U-M Library users soon will have access to digital versions of some of the thousands of orphan works held in common by the U-M Library and the HathiTrust Digital Library. Making these works available in HathiTrust will render them fully searchable, viewable, and accessible to U-M researchers wherever there is a connection to the Internet.
This marks the next phase in the library’s orphan works project, following last month’s announcement that the MLibrary Copyright Office has begun identifying orphan works from among the millions of in-copyright digitized books in the HathiTrust Digital Library.
The library’s intent is to foster these works, and make them available so they can be used. Paul Courant, university librarian and dean of libraries, says it is integral to the library’s overall mission to preserve and share the scholarly and cultural record, and is in keeping with the intent of copyright law, which is to promote progress. He also says that this sharing of orphan works falls within copyright law’s “fair use” provision for libraries (specifically, section 107 of the Copyright Act of 1976).
“The work we’re talking about is not commercial, and most of it never was,” Courant says. “It’s scholarly work, of interest mainly to students, faculty, and researchers, who, these days, expect to be able to access much of their research material digitally, and from locations other than the library.”
He adds that sharing these orphan works does no economic harm to any person or organization, while not doing so harms scholarship and learning by severely limiting access to 20th-century works.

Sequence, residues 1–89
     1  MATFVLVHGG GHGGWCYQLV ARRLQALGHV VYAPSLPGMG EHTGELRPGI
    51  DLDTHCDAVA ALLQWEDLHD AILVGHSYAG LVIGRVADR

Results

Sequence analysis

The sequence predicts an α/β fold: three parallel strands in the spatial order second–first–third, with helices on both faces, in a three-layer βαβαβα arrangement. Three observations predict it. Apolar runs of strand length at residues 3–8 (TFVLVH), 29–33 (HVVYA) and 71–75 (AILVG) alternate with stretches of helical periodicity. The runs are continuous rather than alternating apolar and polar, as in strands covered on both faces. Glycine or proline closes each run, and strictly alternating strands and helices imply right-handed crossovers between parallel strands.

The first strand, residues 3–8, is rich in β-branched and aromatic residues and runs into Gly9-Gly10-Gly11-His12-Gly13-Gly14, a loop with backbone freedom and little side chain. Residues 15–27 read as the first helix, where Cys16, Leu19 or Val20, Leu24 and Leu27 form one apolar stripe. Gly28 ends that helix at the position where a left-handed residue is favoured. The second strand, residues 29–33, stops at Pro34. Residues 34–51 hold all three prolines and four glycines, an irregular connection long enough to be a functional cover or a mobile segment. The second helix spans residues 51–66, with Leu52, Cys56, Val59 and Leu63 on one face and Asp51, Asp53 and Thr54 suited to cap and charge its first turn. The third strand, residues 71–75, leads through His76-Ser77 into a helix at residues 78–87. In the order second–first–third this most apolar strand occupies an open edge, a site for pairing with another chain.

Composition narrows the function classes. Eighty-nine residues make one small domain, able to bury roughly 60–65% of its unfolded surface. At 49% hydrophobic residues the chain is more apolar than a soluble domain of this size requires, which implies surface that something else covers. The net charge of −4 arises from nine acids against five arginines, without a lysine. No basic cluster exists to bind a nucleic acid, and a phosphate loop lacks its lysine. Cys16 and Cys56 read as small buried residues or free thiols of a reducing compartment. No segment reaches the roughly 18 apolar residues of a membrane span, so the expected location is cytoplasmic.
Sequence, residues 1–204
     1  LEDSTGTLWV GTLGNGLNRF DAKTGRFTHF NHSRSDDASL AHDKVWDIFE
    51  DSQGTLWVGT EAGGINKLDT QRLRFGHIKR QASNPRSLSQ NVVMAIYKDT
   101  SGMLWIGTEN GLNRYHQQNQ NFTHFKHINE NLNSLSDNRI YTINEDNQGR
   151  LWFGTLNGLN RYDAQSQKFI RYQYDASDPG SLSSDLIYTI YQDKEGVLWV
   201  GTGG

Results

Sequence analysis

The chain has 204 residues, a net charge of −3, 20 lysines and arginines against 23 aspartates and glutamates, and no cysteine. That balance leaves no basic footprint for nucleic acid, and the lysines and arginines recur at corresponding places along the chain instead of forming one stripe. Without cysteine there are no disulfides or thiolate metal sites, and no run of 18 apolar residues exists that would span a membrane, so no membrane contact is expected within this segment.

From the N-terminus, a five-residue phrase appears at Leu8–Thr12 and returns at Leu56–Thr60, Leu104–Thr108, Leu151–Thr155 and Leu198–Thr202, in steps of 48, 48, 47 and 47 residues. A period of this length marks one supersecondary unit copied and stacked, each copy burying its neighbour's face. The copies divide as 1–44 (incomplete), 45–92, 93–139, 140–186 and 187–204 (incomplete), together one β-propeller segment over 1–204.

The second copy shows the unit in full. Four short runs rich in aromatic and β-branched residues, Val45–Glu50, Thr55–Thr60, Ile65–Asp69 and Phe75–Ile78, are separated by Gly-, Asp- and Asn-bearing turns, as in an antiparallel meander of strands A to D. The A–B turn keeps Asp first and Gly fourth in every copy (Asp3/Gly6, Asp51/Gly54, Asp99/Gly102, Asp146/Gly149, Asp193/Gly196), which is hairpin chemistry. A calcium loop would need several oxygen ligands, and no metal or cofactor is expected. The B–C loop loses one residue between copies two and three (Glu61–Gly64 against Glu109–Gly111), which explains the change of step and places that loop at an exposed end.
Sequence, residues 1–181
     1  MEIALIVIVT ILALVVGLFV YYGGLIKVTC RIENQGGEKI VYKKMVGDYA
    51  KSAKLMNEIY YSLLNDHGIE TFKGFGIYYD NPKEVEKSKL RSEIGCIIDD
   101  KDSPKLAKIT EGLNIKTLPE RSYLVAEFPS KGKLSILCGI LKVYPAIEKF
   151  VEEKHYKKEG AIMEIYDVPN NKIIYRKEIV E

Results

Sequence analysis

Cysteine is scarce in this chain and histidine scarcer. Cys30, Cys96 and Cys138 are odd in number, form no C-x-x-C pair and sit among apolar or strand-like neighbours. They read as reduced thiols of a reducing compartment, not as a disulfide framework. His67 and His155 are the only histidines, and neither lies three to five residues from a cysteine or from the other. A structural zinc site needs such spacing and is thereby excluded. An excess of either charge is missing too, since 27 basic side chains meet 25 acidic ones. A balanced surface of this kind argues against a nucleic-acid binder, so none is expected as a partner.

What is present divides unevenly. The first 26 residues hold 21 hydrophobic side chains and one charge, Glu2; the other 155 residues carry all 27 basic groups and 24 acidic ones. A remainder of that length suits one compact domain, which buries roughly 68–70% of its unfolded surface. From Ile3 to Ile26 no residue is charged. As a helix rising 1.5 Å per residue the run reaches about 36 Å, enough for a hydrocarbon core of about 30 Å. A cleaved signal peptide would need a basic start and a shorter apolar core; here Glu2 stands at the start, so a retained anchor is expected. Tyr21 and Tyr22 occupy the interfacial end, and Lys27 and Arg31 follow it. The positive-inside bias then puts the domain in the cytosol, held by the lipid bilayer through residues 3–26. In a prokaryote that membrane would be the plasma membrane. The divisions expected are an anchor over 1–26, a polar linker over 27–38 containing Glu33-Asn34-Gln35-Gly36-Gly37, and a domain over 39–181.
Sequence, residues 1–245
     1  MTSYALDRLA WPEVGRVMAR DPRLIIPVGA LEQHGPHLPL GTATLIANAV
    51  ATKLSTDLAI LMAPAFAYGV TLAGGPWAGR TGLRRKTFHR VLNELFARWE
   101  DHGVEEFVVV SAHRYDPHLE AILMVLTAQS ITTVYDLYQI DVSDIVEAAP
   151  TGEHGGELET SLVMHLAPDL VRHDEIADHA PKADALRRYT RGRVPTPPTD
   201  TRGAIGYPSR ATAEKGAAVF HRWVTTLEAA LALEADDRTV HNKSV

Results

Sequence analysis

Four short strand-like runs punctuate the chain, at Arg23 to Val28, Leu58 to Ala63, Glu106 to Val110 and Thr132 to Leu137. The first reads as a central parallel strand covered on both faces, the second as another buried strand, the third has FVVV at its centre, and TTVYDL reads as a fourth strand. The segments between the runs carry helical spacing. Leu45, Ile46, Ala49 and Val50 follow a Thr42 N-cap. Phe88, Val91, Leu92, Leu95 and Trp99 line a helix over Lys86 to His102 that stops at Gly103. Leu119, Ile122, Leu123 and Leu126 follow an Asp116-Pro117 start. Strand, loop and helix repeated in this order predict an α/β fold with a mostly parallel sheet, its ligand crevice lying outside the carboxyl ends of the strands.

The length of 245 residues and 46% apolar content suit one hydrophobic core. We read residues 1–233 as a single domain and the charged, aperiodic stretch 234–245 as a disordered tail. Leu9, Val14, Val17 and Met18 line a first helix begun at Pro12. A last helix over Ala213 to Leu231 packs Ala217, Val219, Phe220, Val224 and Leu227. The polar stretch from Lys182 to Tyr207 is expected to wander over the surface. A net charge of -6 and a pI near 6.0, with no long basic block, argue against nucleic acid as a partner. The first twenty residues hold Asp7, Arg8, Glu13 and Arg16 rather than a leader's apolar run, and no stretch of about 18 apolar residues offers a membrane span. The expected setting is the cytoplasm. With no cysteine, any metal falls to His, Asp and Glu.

Access to orphan works will be limited to U-M authenticated users and visitors to the campus libraries in Ann Arbor, and to works that the library holds in its print collection. In other words, the same population that can check out these works from the library’s print collection now will be able to read the digital copies from other locations.
According to John Wilkin, associate university librarian and executive director of HathiTrust, other institutions among the HathiTrust’s more than 50 partners, including the University of Wisconsin, are moving forward with similar plans to share digitized orphan works from their own collections.
The library expects that some of these works will be accessible to the U-M community by early October.
Wilkin says, “If a copyright holder makes a legitimate claim to a work, we’ll honor that claim.” He adds that copyright holders, especially scholars, often are eager to make their out-of-print works available in HathiTrust.
U. of Michigan Library Users Will Soon Have Internet/Searchable Access to Thousands of Orphan Works in HathiTrust Database
Filed by June 23, 2011on